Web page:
ABORIGINAL COMMUNITY TO MARCH IN VANCOUVER ON NATIONAL ABORIGINAL DAY TO PROTEST SURPRISE FEDERAL CUTS TO ABORIGINAL YOUTH PROGRAM FUNDING
This is very sad news, for both the Aboriginal community and for myself as I am about to embark on a new career working with Aboriginal families who will be deeply, deeply affected by these cuts. I won’t be able to make it out tomorrow to march, but I wholly support my brothers and sisters that do.
The March will begins at 11:00am tomorrow (June 21st, 2012) at the Vancouver Aboriginal Friendship Centre at 1607 East Hastings Street and will travel south along Commercial Drive to East 15th Avenue, and then eastward to Trout Lake.
On a day that is meant to recognize the unique history, culture, and contributions of Aboriginal people to Canada, the Metro Vancouver Aboriginal community will be marching to protest cuts to the federal Cultural Connections for Aboriginal Youth (CCAY) funding by the Department of Aboriginal Affairs. The announcement was made more devastating when the surprise notice was delivered the day after the 4th anniversary of Canada’s apology to residential school survivors, and only one week before the federal government’s announcement that $28 million will be spent to reenact the War of 1812. (The total annual budget for the CCAY program is only $22 million nationally - $6 million less than what is being earmarked for the celebration of a war that happened 200 years ago). Total yearly funding for Metro Vancouver’s 14 programs was $1.37 million.
Co-Chair of the Metro Vancouver Aboriginal Executive Council (MVAEC), Christine Smith, says that this devastating decision will have far-reaching negative social impacts across Metro Vancouver and the entire country, as hundreds of projects and programs are being immediately shut down due to the surprise and late notice of the federal government. This will lead to higher social costs for the federal and provincial federal governments as youth will have 14 fewer programs to help them make positive choices in their lives. This seems to contradict the federal government’s commitment to fiscal responsibility as what may seem like a cost saving, will ultimately be paid for in other more costly ways. Smith also notes that despite a 12 year history of receiving funding late in the fiscal year, not-for-profit organizations will now be forced to absorb large deficits, as the funds that they have spent in good faith to ensure that urban Aboriginal youth were being supported while awaiting funding, will not be reimbursed. This means up to a $30,000 deficit for some organizations.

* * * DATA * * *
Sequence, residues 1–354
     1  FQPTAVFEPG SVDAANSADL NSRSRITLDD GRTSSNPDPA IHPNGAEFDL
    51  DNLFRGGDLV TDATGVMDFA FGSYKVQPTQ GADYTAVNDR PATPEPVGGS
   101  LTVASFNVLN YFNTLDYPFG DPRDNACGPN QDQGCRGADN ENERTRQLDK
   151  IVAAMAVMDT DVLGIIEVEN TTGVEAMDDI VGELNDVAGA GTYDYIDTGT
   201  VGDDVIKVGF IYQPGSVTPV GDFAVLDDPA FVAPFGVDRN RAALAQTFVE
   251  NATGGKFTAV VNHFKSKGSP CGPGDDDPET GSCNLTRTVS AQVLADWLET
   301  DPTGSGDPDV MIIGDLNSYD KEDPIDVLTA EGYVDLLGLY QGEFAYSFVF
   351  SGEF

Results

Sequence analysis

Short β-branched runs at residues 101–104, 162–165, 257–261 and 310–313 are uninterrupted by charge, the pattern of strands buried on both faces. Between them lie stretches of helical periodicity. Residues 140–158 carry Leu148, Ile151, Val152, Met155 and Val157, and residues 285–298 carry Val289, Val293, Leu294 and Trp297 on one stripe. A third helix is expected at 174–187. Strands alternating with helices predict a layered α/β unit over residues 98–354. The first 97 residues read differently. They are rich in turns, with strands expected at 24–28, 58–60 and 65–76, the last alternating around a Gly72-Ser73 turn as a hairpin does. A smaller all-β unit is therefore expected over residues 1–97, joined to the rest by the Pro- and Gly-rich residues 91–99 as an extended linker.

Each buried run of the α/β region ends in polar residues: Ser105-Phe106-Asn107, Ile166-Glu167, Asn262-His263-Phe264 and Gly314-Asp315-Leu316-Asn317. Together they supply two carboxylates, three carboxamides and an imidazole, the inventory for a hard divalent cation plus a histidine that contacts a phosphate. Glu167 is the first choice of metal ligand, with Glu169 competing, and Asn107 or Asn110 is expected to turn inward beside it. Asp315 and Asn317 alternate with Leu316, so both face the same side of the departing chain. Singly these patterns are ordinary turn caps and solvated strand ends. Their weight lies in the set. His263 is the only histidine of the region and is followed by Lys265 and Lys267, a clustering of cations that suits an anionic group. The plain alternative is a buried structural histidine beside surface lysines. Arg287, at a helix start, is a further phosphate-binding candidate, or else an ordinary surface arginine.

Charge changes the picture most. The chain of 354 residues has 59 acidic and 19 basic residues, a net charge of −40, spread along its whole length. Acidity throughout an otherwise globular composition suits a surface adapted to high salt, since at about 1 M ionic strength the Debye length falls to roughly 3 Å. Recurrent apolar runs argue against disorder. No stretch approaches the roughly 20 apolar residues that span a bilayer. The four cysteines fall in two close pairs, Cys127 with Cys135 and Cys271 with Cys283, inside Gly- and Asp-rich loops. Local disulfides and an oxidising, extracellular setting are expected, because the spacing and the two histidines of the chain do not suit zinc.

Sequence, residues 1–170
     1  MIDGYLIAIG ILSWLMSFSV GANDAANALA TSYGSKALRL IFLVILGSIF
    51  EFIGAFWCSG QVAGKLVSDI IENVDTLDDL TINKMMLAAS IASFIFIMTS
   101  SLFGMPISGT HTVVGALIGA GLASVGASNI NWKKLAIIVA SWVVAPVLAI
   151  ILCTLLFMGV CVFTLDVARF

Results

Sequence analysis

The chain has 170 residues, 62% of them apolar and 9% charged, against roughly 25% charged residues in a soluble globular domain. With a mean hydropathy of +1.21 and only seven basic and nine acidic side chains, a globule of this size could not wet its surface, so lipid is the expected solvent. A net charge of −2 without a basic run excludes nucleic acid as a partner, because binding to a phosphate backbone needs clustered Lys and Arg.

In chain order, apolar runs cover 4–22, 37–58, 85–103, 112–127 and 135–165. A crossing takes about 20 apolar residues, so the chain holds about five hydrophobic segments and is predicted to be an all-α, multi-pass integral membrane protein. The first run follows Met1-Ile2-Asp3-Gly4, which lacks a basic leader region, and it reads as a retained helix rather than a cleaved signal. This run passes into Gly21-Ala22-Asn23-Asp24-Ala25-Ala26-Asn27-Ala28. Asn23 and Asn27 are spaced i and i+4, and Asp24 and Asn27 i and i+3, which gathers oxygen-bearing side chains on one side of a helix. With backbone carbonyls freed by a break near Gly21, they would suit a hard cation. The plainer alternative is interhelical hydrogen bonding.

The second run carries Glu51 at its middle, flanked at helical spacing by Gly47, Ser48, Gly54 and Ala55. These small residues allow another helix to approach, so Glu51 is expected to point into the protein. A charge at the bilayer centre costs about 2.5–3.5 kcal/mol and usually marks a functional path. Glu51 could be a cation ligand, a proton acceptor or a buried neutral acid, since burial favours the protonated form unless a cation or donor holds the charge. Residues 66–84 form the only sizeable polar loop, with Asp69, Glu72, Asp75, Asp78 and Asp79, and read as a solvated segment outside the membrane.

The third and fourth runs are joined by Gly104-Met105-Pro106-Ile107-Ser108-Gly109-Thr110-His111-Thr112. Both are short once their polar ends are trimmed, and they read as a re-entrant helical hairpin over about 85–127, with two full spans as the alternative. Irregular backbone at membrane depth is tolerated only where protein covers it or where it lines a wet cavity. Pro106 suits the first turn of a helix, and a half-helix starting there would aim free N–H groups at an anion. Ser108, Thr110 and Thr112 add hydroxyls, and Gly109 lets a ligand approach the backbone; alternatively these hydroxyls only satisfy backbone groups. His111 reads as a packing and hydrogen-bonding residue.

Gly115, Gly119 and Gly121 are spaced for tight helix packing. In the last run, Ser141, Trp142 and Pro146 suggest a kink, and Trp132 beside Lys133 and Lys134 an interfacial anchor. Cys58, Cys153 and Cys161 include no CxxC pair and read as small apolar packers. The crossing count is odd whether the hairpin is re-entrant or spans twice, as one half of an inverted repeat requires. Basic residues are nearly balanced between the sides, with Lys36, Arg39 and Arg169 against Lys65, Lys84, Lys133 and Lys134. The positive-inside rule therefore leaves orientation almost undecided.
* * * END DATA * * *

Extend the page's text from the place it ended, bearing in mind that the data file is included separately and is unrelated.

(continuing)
The National Association of Friendship Centres, which administers the CCAY program funding, stated this morning that they are working with the federal government to change the terms and conditions of CCAY which may result in future funding. In the meantime, Aboriginal community organizations are being forced to shut down effective prevention and intervention programs that were helping Aboriginal youth to develop their leadership and build skills, self-esteem, and support networks that ultimately help them to achieve their educational, training, employment, cultural, and artistic goals. Smith notes that over 1,700 Aboriginal youth in Metro Vancouver have been reached through this important initiative.
Smith adds that there is no clear reason why the federal government would willingly choose to stop CCAY funding half way through its five-year mandate with no consultation or discussion with the Aboriginal community. The Metro Vancouver Aboriginal Executive Council calls upon the federal government to immediately reinstate funding to this unique and much needed program while they work with the NAFC on next year’s potential funding so that the lives of Aboriginal youth will not be unduly disrupted and negatively impacted.
Cultural Connections for Aboriginal Youth Local Projects Cut: